GAINESVILLE, Fla. -- After a 7-6 campaign and their worst season since 1987, the Florida Gators realized their attitude needed to change.

Players held their own practices and punished those who didn't attend with early morning running sessions.

Gators coach Will Muschamp addressed the attitude change at Florida's annual media day on Thursday.

"As much as anything, some guys have bought into what we're trying to do," Muschamp said. "Obviously, their way didn't work. They understand where we are heading with this program."

Florida begins training camp Friday with a new offensive coordinator, offensive line coach and strength coach.

Sophomore quarterbacks Jacoby Brissett and Jeff Driskel led the players-only practices. The two are competing for the starting job. Brissett called the quarterback competition the biggest opportunity of his life.

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"I feel really good about that position," Muschamp said. "We have two really good players competing. They're going to make each other better, our offense better and our team better."

The offseason workouts gave the Gators a jumpstart on fall practice, Driskel said.

"Just being together will help us in the long run with unity and trusting one another," he said. "It also helped just repping it. If you go from spring to fall without doing anything, you are going to lose a little bit. We wanted to hit camp fast."

The Gators enter camp with greater numbers on both sides of the ball. Due in large part to a lack of depth, Florida struggled last season against Southeastern Conference opponents and lost four in a row with losses against Alabama, LSU, Auburn and Georgia in the month of October.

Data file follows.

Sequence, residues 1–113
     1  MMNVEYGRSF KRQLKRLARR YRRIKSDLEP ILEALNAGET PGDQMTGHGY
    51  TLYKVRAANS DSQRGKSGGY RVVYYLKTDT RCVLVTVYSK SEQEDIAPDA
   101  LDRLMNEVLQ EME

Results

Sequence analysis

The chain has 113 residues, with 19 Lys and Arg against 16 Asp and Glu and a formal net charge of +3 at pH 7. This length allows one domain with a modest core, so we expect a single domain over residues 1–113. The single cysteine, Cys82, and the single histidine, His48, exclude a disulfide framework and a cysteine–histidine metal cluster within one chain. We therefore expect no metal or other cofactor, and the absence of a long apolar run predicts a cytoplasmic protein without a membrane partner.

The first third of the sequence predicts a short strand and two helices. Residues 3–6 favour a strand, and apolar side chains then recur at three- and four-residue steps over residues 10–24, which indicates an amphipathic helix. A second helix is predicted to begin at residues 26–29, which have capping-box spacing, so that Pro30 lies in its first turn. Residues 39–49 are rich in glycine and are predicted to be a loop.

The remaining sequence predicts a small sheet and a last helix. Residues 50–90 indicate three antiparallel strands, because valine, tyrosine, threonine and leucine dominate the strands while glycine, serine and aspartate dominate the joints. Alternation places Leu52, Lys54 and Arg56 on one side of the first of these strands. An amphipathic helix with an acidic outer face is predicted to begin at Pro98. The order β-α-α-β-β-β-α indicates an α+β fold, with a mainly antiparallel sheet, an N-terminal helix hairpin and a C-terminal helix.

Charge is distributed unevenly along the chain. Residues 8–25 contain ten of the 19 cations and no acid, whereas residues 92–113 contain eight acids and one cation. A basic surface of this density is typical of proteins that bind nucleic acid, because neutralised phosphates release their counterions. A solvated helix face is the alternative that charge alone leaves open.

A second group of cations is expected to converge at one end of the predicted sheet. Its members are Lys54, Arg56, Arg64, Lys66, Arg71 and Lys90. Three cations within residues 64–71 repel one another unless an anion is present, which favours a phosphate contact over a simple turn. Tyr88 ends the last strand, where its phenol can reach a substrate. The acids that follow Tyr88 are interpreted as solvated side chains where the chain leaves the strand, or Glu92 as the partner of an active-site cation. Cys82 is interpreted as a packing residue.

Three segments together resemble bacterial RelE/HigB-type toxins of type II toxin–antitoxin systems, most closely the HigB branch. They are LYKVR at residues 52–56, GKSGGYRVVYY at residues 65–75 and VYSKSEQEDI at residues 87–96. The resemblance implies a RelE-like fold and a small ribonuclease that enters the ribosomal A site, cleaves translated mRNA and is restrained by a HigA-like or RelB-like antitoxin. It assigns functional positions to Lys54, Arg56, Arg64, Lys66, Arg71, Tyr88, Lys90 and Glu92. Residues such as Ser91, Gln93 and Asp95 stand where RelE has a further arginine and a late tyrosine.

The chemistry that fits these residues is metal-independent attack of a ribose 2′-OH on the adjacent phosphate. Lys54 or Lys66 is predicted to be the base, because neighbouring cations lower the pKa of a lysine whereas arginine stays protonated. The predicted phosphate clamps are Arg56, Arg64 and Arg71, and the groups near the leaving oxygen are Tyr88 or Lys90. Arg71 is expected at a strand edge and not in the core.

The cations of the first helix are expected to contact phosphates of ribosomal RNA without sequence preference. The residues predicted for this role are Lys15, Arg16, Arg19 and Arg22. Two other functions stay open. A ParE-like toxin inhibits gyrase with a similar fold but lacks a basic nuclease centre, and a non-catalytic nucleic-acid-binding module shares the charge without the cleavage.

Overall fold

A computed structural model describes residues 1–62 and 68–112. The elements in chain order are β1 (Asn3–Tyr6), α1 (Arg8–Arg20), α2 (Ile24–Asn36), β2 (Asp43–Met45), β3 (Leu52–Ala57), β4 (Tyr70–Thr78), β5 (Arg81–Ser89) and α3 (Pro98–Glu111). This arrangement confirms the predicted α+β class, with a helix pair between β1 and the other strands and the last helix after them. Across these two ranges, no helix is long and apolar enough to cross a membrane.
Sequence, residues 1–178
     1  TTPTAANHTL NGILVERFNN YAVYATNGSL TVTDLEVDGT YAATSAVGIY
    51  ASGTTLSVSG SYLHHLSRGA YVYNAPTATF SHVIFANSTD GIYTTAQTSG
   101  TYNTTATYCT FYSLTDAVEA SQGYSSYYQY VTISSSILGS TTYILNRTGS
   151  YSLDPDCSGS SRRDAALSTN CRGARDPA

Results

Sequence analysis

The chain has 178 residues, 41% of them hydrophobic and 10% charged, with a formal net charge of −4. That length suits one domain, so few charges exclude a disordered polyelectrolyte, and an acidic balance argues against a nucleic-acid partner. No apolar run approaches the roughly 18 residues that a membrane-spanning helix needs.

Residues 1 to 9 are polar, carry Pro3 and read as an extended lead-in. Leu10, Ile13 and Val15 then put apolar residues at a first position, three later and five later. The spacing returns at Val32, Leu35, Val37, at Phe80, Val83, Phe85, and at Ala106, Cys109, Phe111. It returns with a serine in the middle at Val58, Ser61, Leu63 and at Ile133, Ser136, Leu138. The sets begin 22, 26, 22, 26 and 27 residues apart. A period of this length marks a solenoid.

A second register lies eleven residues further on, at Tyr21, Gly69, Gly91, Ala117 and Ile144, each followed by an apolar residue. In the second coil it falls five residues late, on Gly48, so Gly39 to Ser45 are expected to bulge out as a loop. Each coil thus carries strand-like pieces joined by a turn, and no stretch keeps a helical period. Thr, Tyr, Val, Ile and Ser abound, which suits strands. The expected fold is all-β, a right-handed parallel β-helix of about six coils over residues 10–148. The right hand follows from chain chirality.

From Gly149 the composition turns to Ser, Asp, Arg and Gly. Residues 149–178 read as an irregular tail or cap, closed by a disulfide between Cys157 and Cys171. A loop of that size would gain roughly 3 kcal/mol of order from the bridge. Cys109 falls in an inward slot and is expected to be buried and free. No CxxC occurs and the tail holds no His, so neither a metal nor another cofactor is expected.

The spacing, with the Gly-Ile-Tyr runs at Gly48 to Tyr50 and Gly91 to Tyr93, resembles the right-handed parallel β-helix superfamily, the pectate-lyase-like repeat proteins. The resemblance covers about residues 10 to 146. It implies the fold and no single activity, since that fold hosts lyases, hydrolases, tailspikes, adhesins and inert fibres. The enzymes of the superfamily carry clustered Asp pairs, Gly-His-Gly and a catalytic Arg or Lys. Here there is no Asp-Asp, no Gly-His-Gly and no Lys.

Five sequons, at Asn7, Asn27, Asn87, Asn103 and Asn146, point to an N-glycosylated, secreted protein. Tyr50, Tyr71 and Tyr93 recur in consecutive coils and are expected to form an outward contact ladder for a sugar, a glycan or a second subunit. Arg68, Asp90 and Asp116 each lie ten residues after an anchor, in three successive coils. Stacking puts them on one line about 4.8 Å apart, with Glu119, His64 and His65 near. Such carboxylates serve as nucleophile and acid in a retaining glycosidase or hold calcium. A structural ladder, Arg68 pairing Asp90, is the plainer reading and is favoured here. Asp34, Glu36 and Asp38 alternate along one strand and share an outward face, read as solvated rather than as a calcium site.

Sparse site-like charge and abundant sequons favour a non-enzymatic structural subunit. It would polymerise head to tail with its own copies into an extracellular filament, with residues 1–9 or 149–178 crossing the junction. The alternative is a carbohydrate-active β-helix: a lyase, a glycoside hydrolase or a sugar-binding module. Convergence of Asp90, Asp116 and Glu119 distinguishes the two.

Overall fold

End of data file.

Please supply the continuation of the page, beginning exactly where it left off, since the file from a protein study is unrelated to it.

Muschamp and his staff now have the luxury of pushing more physical play in camp.

"It's hard to simulate game-day situations when you are only working one line of scrimmage on both sides of the ball, which was the case last year," Muschamp said. "That's not going to be the case this year. We are going to be able to do more things."

Offensive coordinator Brent Pease expands the playbook for Florida.

Muschamp said the former Boise State coordinator brings more motion to the offense.

Redshirt senior wide receiver Frankie Hammond Jr. noticed the changes between the offense run by ex-coordinator Charlie Weis and the Pease scheme.

"Coach Weis has a system and that's what he stuck to," Hammond said. "With coach Pease, he brings in a different style and uses the ability the players have to create certain things, adjust his playbook and tweak it."

In addition to the two sophomore quarterbacks on offense, the Gators return leading receiver Andre Debose for his junior season.

With the Gators finishing eighth in the SEC in rushing yards and the departures of Jeff Demps and Chris Rainey, senior Mike Gillislee is expected to handle the majority of carries.

"You have to create balance in this league," Muschamp said. "If you become one dimensional in this league, it becomes very difficult to have success regardless of where you are in the division."

While the offense ranked 10th in the SEC in total yards per game, the defense held every opponent except three below 30 points.

Senior middle linebacker Jon Bostic recognized the relationship between the offense and defense.

"I have a lot of confidence in our offense turning it around this year, because I knew they weren't happy with themselves," Bostic said. "They want to play better and improve off of last year. Going into this year, they are going to lean on us and we are going to lean on them. For us to win ball games, it will take both of us."

Redshirt senior Sam Robey has suited up for four seasons. He played with Tim Tebow and Percy Harvin, but also John Brantley and Deonte Thompson.

He can't wait for the results of a retooled coaching staff and an improved mindset.

"Everything that they did over the summer and what we did ourselves as a team is really something that has never happened before," Robey said. "It makes me really excited to go into fall and start fast."